Thinking about buying a bike? Great!

Cycling is great for your physical AND mental health. It doesn’t matter whether you are taking it up for exercise, commuting or leisure; it is one of the most rewarding things you can do, with benefits for the whole community.

But with all the different kinds of bikes out there, buying a new bike can be a daunting task.

This short guide to buying a new bike will hopefully answer a few questions and point you in the right direction. Buying a bike should be fun and we are here to help!

First Consider Your Budget

Quality (new) bikes for adults start around 300. Many you see for less are cheaply made, poorly assembled and generally come with poor quality components that will wear out fast (or break!). They are NOT fun to ride and you will likely be back at the bike shop before you know it.

A good bike is built to last and will actually save you money (and headaches) in the long run. Consider spending a little more and get something that will bring you joy for a long time.

Where Will You Ride?

Start by figuring out what kind of riding you want to do. There are many kinds of bikes, and knowing how you will use yours will narrow your choices.

How often and how far will you be riding? What kind of terrain will you be encountering on your way? Are you cycling to work, are you more interested in long weekend rides along country lanes or are you planning to go off-road?

Once you have considered your budget and what kind of riding you will be doing; you can look at the different kind of bikes available.

What Kind Of Bike Do You Need?

Lets have a look at some different styles of bike and try and match a bike to your needs.

Hybrid

The hybrid was originally created to provide the advantages of road bikes, touring bikes and mountain bikes. A great all-rounder with fatter tyres than a road bike and a much more comfortable riding position due to the upright handlebars and laidback geometry.

The general-purpose Hybrid can tolerate a wide range or riding conditions and are best suited to shorter commutes, casual riding and cycle paths. They will also accommodate racks for carrying pannier bags and are therefore ideal for commuting, errands and trips to the shops.

Many will come equipped with mudguards and a rear rack as standard.

Some hybrids that are more focussed on leisure cycling will come with a step-through frame. This means the usually horizontal ‘top-tube’ of the bike slopes down and makes mounting and dismounting a lot easier. These bikes generally offer the most upright riding position too.

Buy a hybrid if;

  • You are interested in casual riding and leisurely trips along cycle paths
  • Are keen to commute to work
  • Are looking for a do-it-all bike
  • Value comfort over speed

Mountain Bike

A mountain bike is designed to be ridden off-road and will excel on rough terrain, woods and trails. To deal with these conditions they will be equipped with larger, wider, knobbly tyres to help with grip, and disc brakes for better braking in wet, muddy conditions.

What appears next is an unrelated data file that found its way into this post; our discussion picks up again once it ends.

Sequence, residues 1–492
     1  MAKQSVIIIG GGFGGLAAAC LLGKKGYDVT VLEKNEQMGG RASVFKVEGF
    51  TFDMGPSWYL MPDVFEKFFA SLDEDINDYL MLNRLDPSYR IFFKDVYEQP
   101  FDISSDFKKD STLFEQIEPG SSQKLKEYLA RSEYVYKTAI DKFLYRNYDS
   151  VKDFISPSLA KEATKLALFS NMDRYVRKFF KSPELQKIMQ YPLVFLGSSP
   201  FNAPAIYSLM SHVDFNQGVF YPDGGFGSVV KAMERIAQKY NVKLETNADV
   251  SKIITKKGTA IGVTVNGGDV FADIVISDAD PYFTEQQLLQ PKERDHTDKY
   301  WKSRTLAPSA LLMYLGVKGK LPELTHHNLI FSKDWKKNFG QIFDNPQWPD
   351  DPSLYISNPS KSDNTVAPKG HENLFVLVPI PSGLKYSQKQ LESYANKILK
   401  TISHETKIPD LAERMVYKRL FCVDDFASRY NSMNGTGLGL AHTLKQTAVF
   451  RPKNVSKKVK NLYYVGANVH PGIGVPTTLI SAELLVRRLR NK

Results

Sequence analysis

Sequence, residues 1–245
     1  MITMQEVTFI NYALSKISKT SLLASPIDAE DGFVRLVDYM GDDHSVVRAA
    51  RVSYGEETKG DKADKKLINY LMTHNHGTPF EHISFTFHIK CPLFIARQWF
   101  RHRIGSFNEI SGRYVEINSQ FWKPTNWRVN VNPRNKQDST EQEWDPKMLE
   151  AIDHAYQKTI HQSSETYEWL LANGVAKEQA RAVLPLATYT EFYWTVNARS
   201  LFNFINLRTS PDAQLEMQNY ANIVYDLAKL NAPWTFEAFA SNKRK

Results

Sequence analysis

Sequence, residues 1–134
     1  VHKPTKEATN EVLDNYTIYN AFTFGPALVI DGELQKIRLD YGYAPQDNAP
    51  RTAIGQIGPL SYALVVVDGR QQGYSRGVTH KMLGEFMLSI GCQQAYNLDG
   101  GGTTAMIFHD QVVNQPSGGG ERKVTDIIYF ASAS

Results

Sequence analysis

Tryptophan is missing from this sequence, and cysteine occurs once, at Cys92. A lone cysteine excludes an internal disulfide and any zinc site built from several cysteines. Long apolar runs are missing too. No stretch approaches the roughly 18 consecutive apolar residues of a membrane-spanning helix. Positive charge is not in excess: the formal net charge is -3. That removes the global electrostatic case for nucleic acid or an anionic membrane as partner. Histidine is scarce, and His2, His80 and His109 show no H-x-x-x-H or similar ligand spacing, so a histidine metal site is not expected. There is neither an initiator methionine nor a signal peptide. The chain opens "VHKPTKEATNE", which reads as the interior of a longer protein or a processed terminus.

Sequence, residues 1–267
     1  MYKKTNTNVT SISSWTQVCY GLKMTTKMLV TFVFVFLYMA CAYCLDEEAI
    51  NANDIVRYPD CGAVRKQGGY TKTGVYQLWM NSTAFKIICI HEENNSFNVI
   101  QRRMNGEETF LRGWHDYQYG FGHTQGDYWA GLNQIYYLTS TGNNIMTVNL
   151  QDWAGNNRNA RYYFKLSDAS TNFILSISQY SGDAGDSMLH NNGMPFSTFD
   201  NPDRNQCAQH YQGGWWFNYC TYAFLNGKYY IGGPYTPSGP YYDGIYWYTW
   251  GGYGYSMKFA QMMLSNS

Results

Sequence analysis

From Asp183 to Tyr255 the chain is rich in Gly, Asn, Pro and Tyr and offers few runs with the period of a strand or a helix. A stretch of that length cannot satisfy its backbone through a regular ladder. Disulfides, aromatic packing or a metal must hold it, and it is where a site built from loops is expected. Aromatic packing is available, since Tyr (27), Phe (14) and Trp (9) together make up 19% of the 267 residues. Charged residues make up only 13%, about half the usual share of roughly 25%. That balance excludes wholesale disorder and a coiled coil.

Depending on the kind of riding you are planning and your budget, you will choose either front suspension (hardtail) or full suspension.

Mountain bikes are generally heavier than road bikes and the addition of suspension and wide/knobbly tyres can be inefficient for road riding. You will, of course, have a more relaxed, upright riding position and a wide gear range.

Buy a mountain bike if:

  • You are interested in off-road, single track, woods and trail riding
  • Are interested in lightweight bikepacking trips that will take you over rough terrain.

Touring Bike

A touring bike is a bike designed for longer rides on mainly tarmac road, but are tougher than road bikes and have a more relaxed riding position. Usually made of steel with mounting points for racks and mudguards.

Racks, panniers and a strong set of wheels all help with carrying loads over distance. Touring bikes are designed to carry weight and the reinforced frames means a slightly slower ride, but enough comfort for long days in the saddle when taking in your surroundings takes priority over speed.

Buy a touring bike if;

  • You are planning on long cycle tours
  • You need to carry camping equipment such as tents, cooking gear etc
  • Taking in the scenery and enjoying the journey takes top priority
  • You need to carry equipment on your commute

Road Bike

Think skinny tyres, drop handlebars, lightweight frames and a more aggressive riding style. Road bikes are best suited to (you guessed it!) tarmac roads and are built for longer distance and speed.

They can also be great for longer commutes, but keep in mind that many will not have the correct mounts for racks if you also need to carry anything on the bike.

Buy a road bike if:

  • You are interested in longer, faster rides.
  • Fitness is your priority
  • You are looking for something lightweight
  • You have a long commute

Gravel/Adventure Bike

Most bikes will come under one of the above headings, but there are some other terms and styles worth noting.

A Gravel bike (sometimes called an adventure bike) is a road-bike style bike with off-road capabilities. Usually these bikes will have drop handlebars like a road bike (but not always), but will accommodate much wider tyres.

The road bike design with the larger tyres and lower gearing means that you can make good progress on tarmac roads, but can transition to rougher terrain when required. The general idea is a bike suitable for adventure riding, unconstrained by the terrain.

Also known as the do-it-all bike!

Buy a gravel bike if;

  • You are looking for something fast but capable of handling some rougher terrain
  • Interested in a do-it-all bike
  • Considering some light touring/bikepacking
  • Adventure is your thing!